And then all was silent. It was a chilling silence. A silence that makes the hair on the back of your neck stand on end. A silence in which, you can hear the deafening sound of your heart, pounding inside your chest. The car had stopped and I looked out the front windshield. It was cracked from end to end. There, in front of my car, was a huge oak tree. The front of my car was pushed in from the tree. There were branches and leaves scattered across the hood of the car. I felt something trickle down my face and I reached my hand up to touch the substance. I was terrified when I saw the red in my hand! I opened the car door and stepped out onto the road. I held my head as I started to run down the dark country road crying for help. I kept hearing sounds coming from the trees.

I continued to run down that dark, lonely highway. I stumbled and fell to the ground. I got up on one knee. The sounds, like that from a galloping horse, were getting louder. I turned and looked behind me. But there was nothing. I got back up and started to run. Faster and faster I ran. But the galloping sounds kept getting louder and louder. I could feel something evil in the air. It was cold and chilling. It felt like death. I ran and I ran, faster and faster. I could see a small light off in the distance. It called to me like an angel in the night. I ran for it. But the galloping sounds were right behind me. I spun around and looked down the road. I could see the faint shadow of a horse coming towards me. There was a man riding the horse. I turned and ran towards the light. I had to make it! It wasn’t that far away. A half mile maybe? Maybe a little less. I ran as fast as my legs could carry me. I wiped the blood that was still running down my forehead. It seeped into eyes and made everything turn red in color. I blinked to clear it from my sight.

The galloping was coming up fast behind me. I dare not look back. I fixed my eyes on the light and I ran. I was almost there! Just a few more yards. I can make it a few more yards! I heard the breathing of the horse. I could feel the thundering vibrations of the hoofs striking the road. Don’t look back! Don’t look back! Focus on the light. I said to myself. I ran towards the light. It was just beyond my reach. It was getting brighter the closer I came. But the thunderous hoofs were getting closer and louder. They were right on top of me! Don’t look back! I couldn’t stand it. I had to see! I stopped running and turned to look behind me. The horse reared up letting out a horrible sounding scream. The two front legs of the horse frantically waved just inches from my face. The horse came back down and stood silently. I looked at the old man on the horse. His face was white and was etched with a deep bloody scar in his forehead. He was wearing an old, tattered dark suit. His tie was loosely draped across his neck. His shoes were full of mud and gravel. He was the scariest looking man I had ever seen.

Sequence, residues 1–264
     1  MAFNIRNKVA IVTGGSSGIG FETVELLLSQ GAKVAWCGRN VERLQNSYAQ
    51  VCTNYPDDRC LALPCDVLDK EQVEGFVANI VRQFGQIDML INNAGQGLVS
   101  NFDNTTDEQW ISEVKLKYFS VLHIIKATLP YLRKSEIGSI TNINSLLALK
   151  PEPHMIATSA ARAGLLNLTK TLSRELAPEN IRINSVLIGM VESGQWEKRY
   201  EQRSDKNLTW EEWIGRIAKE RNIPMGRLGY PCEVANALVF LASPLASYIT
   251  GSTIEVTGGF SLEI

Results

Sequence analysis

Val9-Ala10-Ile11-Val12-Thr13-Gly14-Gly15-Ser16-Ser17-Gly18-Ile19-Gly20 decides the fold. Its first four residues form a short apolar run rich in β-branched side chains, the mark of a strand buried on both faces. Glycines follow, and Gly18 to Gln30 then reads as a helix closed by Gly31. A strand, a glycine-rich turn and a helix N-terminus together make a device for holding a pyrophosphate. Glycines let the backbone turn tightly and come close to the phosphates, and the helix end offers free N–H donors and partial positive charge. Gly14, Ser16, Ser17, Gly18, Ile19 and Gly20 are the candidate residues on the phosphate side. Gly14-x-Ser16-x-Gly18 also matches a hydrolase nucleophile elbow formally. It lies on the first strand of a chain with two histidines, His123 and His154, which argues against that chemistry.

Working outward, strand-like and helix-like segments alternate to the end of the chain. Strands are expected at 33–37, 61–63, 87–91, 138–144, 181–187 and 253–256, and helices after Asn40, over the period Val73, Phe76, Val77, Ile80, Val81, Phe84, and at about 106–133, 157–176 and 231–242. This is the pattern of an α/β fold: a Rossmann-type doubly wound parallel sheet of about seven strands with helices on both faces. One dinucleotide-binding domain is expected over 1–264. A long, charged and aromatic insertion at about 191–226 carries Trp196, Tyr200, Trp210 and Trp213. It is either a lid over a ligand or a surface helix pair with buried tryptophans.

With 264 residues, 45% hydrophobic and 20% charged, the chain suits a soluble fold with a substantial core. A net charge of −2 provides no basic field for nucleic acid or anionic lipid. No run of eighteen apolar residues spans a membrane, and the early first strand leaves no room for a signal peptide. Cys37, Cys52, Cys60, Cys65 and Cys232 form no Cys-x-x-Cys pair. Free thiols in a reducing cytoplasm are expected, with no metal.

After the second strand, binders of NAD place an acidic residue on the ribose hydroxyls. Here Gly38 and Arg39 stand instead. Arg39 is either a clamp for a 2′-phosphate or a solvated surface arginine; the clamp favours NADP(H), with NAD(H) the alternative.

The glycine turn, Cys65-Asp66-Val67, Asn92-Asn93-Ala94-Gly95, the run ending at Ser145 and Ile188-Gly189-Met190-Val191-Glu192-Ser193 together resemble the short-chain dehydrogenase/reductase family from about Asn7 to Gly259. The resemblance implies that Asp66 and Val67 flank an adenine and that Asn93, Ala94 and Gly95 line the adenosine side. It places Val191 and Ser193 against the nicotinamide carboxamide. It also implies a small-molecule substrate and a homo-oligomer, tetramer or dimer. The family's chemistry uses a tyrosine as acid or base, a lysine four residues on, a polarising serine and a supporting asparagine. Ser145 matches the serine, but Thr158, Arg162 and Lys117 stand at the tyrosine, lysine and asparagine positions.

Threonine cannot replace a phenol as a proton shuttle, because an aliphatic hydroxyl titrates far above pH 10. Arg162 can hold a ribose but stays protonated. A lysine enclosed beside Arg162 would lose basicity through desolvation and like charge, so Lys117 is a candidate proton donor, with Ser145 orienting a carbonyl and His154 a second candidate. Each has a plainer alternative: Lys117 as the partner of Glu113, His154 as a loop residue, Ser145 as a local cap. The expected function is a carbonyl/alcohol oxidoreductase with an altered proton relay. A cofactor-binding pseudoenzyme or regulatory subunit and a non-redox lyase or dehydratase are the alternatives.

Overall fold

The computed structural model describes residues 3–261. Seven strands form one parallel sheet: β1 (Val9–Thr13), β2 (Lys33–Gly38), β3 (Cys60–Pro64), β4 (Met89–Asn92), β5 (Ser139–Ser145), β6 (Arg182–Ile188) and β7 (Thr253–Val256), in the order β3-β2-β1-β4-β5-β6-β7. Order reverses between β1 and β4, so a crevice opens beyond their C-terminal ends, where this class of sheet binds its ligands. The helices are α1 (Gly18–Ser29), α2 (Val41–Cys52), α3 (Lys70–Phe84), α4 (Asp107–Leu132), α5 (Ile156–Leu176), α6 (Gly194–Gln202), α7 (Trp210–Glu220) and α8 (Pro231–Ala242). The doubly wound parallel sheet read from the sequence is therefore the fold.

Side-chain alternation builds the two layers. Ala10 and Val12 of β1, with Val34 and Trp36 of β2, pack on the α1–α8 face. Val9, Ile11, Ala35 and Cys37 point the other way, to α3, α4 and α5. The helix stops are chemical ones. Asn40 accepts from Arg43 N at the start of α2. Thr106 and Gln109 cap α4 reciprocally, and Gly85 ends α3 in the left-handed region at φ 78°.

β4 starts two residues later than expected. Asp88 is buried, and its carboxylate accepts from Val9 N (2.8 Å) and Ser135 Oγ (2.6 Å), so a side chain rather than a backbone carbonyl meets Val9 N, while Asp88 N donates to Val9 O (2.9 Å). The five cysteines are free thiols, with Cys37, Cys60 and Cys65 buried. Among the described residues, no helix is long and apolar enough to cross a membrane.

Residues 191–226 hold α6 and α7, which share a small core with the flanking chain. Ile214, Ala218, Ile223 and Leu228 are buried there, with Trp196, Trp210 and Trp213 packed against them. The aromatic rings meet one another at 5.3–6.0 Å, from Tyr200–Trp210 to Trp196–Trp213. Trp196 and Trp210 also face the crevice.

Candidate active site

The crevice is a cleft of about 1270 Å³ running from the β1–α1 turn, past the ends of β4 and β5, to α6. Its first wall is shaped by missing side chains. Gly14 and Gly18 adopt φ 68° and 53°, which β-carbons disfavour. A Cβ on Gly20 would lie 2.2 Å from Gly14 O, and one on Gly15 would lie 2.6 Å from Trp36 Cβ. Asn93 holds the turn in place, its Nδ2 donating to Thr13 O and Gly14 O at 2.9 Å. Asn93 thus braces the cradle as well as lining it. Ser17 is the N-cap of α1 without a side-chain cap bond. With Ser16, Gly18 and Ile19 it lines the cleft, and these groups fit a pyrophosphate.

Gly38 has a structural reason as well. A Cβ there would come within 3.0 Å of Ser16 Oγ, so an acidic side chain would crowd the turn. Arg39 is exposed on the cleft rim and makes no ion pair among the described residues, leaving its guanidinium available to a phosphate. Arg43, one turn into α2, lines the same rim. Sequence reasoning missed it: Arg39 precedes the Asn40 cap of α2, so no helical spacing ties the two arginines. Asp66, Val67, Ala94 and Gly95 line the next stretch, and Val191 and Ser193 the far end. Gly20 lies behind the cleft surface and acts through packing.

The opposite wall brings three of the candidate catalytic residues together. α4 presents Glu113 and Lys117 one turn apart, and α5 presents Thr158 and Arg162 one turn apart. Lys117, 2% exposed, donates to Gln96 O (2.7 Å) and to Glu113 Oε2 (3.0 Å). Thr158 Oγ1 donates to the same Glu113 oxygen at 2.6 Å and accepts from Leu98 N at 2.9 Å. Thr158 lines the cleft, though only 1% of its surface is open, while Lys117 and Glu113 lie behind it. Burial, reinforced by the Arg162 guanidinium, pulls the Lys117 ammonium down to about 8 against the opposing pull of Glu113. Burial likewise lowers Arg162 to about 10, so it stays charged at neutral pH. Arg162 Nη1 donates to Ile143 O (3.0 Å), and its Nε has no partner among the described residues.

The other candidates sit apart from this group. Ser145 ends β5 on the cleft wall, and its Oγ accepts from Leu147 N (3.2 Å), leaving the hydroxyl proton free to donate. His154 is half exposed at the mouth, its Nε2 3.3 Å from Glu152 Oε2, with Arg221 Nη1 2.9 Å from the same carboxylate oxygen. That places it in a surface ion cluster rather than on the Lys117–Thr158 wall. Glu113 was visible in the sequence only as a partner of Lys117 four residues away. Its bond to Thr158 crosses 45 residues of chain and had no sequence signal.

But there was something odd about him, I could not tell what. There was something familiar… there was something… his tie. The tie was old and discolored. It was stained and it had been torn. It lay loosely, hanging around his neck. I looked at his tie. In the middle of his tie was a tie tack. It was gold and shiny. It looked like…no it couldn’t be! I looked closer at the tie tack. It was the same gold tie tack that my wife had given to me. I looked down at my tie. My gold tie tack was missing! I looked back at the man on the horse. I stared into his cold, shallow eyes. I looked at his face. To my amazement, it was my face! I was riding the horse! How could it be?

As I stared into his cold, uncaring eyes, I felt the stiff leathery bridle in my hands. I felt the stirrups as they surrounded my shoes. I kicked my heels into the sides of the horse. The horse turned and galloped back down the country road. I never looked back at the light but galloped instead into the tunnel of darkness the trees had made, growing on the sides of that old country road.



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E. Motketsan - Wounded Crows don't Fly